It is thought that our early human ancestors ( e.g.. Homo erectus) learn to control naturally occurring fires e.g. bush fires, lighting strikes and larva flows. The use and control of fire has been described as the “single most important innovation in our evolution”. It is thought that eating cooked food had a major impact as cooked food is much more easily digested and uses less calories to chew and digest ; and providing additional calories to allow our brains to grow; it is also thought that as we didn't need to process raw food our jaws and teeth became smaller and since we needed less intestines to digest food our torso became thinner. No one can ever know what happened, only assumptions and guesses but in some way or other our ancestors realized fire made you warm, and that cooked food tasted a lot better than raw food and so the story began! I like to say that we are forged from fire!
Fire Starting Weekend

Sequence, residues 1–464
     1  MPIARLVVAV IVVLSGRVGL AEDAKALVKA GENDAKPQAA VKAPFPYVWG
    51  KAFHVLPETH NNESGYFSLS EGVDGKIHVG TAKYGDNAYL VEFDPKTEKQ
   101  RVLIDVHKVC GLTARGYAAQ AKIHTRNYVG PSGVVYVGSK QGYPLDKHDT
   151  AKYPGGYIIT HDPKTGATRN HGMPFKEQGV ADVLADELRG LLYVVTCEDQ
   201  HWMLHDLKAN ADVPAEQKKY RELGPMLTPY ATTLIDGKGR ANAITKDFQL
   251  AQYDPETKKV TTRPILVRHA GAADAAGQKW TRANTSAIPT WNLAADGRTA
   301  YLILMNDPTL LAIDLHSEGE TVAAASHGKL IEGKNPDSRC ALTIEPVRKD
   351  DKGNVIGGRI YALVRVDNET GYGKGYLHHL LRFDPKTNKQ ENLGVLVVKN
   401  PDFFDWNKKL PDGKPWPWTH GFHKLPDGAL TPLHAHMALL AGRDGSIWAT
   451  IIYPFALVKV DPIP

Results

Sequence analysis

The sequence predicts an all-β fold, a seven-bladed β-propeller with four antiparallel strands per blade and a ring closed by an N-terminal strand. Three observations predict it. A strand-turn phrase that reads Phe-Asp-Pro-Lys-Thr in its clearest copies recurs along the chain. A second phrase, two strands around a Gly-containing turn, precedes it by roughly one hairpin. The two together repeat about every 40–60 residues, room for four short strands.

18 - 18
There are theories that fire by percussion (striking of stones e.g. flint and pyrite) was used from the late Paleolithic period (which I tend to agree with), but no archaeological evidence of this until at least the Neolithic period . See article here.
Due to wood rotting there is no evidence of friction fire until approx 2500 BC (see further below) and it seems many historians\archaeologists surmise that flint&pyrite predates friction fire in Europe though no one knows for sure. However , the earliest perforated artifacts assumed using a drill, such as bone, ivory, shells and antlers , are from the Upper Paleolithic era, and drills were basically the same technology as fire drills hence the reasoning... Ancient drills (hand drill, bow drill, strap drill, pump drill) were used in ancient woodwork, stonework, dentistry and fire making.
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